“I’ve been doing this for far too long and nothing surprises me, but this is just common sense, safety issues that both drivers and owners have to be more diligent and cognizant of. I’d love to see industry do more, reach out more to us for advice.”

BC Trucking Association president Dave Earle agrees that more needs to be done.

“The vast majority of drivers do it right, the problem is we still have a cohort that don’t,” said Earle. “From our perspective, it is no worse than it had been in the past, but that is far from being good enough. I wish we had a way to have a lot more enforcement – both from policing agencies, CVSE -- but until you have an industry and professionals in this industry that treat their equipment the way it needs to be treated, recognize the stature and importance of the work that is being done, we will always have these marginal companies operating and it’s incredibly frustrating.”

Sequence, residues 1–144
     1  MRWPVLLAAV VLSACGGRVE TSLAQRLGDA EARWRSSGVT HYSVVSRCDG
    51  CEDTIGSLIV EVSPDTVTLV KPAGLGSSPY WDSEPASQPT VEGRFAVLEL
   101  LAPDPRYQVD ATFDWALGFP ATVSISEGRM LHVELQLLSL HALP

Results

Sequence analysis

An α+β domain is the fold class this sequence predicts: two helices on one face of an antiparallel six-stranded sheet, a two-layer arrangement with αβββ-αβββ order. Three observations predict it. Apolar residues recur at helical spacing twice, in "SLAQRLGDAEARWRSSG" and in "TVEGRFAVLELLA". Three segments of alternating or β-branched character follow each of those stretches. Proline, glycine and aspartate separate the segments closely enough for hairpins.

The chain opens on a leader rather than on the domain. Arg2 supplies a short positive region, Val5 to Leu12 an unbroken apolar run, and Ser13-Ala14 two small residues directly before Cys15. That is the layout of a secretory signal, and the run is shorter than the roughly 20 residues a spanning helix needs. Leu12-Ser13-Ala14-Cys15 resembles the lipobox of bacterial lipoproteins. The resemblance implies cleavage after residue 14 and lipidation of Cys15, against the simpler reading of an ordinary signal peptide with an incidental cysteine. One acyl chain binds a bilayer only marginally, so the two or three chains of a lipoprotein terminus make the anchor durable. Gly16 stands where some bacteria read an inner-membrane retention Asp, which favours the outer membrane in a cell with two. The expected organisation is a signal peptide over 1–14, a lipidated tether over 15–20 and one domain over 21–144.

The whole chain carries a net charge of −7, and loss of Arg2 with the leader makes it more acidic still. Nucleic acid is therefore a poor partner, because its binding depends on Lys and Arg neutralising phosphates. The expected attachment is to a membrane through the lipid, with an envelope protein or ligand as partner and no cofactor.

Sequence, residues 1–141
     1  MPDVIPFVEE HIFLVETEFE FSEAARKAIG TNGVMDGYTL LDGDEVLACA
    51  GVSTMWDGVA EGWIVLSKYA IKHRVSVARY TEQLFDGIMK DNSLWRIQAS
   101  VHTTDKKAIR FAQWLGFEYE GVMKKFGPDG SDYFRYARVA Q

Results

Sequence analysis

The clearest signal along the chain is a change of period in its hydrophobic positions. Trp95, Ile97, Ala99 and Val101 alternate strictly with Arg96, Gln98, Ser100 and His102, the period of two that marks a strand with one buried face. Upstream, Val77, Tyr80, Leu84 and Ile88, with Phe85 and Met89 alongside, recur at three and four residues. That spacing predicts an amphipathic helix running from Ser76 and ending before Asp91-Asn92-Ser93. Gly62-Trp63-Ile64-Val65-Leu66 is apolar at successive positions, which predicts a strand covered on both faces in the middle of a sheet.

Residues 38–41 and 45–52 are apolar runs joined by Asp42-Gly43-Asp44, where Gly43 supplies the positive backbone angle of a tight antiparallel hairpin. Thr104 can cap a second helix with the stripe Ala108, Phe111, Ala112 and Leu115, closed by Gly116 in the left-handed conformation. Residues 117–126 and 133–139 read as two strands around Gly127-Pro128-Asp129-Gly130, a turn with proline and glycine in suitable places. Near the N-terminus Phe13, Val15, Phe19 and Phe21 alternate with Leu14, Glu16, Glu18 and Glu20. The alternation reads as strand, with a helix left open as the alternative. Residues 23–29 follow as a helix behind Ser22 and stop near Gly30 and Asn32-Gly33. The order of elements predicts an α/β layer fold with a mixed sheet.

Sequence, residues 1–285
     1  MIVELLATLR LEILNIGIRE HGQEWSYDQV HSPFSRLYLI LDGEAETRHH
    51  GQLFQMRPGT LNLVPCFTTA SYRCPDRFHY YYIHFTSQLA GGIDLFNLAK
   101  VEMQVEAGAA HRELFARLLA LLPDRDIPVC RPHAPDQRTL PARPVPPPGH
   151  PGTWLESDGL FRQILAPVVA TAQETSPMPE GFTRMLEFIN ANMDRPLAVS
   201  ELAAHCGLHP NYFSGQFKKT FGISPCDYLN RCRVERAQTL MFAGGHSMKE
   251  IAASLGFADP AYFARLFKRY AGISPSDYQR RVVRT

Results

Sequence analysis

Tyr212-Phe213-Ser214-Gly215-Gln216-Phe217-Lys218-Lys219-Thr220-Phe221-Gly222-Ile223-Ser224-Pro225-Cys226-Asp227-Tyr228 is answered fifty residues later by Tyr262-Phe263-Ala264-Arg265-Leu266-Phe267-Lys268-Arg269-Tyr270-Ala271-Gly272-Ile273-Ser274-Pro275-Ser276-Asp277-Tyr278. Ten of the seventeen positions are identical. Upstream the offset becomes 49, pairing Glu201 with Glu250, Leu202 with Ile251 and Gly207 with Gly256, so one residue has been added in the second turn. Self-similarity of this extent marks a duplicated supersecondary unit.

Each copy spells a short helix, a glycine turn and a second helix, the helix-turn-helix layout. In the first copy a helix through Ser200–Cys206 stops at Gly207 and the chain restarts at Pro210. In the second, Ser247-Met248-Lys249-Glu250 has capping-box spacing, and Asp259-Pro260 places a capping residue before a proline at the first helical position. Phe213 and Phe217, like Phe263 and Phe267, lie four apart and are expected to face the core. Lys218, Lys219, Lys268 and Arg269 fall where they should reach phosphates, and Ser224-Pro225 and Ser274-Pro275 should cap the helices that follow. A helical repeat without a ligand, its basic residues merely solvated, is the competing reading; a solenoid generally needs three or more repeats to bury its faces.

Earle said the BC Trucking Association continues to work with CVSE and the provincial government on improving industry safety.

“We are working to establish a mandatory entry-level training standard in B.C. that will line up with the federal standard. We are doing a ton of work to help the industry do better and raise the floor, but these recent incidents that you have highlighted in Delta is completely unacceptable and needs to end. I can’t tell you how frustrating it makes me and our members when we see these things happening.”
Earle said regulations need to be tightened and more provincial resources have to be put into enforcement.